This pain point is where artificial intelligence lends significant value. AI-driven software can recognize the number of fruits and annotate the images accordingly. An advanced algorithm can even detect their size, shape, and color to determine ripeness. The robot then sends an alert letting the farmer know how much of their crop is ready for harvest.

Let’s look at another industry. Say Spot the robot is inspecting an energy plant. It takes a photo of an analog pressure gauge. The image of the gauge would need to be interpreted by a human. But with machine learning software, Spot could recognize the analog reading and convert it to a digital value. Spot could even alert operators if the reading were outside of a normal range. In the next five years, we’re confident we’ll see more enterprises using artificial intelligence or machine learning to automate these processes.

Phase 3: Automating Data-Driven Actions

Once businesses have automated data capture and analysis, the next task is acting on this information. In the previous scenario, Spot alerted a human operator about the abnormal gauge reading.

But what happens next? In normal circumstances, the operator would send a human engineer to fix the problem. Detection is automated, but the solution is still manual.

Imagine this instead: Spot not only detects the problem but also fixes it by performing a temporary shutdown and turning a valve to release the pressure. Shortly afterward, Spot repeats the inspection to check that levels have returned to normal. The situation has been resolved without human intervention. All three tasks (data capture, analysis, and action) have been entirely automated.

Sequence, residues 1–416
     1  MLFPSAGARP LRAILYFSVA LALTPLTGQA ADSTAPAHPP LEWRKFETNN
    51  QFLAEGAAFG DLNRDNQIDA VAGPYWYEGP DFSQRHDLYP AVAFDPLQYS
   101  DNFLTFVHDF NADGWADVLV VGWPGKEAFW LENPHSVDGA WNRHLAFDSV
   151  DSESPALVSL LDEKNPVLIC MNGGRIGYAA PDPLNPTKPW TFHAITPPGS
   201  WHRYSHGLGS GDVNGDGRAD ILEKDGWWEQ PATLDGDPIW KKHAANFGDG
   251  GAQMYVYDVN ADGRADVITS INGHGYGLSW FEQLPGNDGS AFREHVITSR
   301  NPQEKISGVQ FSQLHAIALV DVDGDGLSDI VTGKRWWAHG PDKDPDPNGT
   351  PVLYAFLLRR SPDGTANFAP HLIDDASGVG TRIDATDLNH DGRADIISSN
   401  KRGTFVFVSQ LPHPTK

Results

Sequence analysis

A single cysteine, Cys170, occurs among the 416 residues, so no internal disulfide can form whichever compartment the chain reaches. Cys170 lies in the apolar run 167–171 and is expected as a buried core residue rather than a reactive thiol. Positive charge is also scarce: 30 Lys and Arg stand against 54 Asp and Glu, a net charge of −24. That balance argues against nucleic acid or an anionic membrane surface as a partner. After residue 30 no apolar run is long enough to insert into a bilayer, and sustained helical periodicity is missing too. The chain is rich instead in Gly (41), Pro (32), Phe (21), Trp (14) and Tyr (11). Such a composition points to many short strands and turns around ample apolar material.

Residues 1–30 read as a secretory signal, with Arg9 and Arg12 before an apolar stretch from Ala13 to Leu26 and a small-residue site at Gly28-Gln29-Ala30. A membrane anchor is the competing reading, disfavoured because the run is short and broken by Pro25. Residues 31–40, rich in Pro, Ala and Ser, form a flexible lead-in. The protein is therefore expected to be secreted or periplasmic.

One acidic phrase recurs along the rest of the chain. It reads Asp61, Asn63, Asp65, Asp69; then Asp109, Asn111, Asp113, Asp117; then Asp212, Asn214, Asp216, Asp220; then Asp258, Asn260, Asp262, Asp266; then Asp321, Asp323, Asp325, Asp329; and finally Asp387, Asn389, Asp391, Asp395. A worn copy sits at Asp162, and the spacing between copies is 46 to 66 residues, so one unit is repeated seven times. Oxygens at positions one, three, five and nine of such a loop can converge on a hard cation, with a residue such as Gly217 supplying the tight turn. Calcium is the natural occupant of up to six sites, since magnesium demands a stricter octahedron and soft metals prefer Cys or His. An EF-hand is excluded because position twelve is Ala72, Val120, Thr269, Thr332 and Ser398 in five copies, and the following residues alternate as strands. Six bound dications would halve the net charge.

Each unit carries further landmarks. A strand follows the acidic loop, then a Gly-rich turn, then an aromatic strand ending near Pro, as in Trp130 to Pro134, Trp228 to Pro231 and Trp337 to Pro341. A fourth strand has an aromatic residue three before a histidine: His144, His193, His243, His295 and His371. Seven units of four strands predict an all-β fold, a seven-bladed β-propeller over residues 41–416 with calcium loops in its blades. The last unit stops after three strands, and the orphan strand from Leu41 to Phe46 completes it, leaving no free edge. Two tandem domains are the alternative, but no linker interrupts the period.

There are already basic examples of this happening in the field. Some agriculture companies are using robots to find and recognize weeds using machine learning. The robots spray the weeds and a week later recheck the plants. It's a closed-loop that operates without human intervention. And while these scenarios may sound like sci-fi, it's where industries are headed in the next ten years.

As machine learning and robotics technologies mature, we'll see increased automated actions and a more fantastic range of decision-making scenarios. Different types of robots will interact with each other intelligently across each business, adapting to changing conditions.

Eventually, we're also likely to see the emergence of fully operational digital twins. These will be realistic 3D visualizations of business environments, such as construction sites, energy plants, or agriculture fields. Employees will be able to watch via screens as robots go about their daily routines on-site—inspecting equipment, building structures, or planting and harvesting crops—meaning they'll seldom have to set foot on-site. It will also pave the way for interesting new career paths and more strategic roles for workers.

As you can see, it's an exciting time to be involved in robotics—we're on the cusp of a revolution that will reshape the world of work. Over the next decade, we'll unlock profound robotic capabilities and amplify every worker's potential, improving the accuracy at which you work.